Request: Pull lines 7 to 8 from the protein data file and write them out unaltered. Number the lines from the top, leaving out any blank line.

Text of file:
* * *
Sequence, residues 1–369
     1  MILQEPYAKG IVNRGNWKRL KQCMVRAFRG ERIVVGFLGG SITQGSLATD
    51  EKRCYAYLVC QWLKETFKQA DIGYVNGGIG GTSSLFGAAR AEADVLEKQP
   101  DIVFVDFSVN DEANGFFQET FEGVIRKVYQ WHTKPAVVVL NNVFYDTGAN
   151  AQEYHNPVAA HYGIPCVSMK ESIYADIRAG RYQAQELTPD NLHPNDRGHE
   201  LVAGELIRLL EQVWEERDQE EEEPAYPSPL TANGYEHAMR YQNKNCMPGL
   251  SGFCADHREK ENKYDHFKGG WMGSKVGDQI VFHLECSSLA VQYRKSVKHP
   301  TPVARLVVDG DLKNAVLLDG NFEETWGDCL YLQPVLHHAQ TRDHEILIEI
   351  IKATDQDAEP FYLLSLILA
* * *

   251  SGFCADHREK ENKYDHFKGG WMGSKVGDQI VFHLECSSLA VQYRKSVKHP
   301  TPVARLVVDG DLKNAVLLDG NFEETWGDCL YLQPVLHHAQ TRDHEILIEI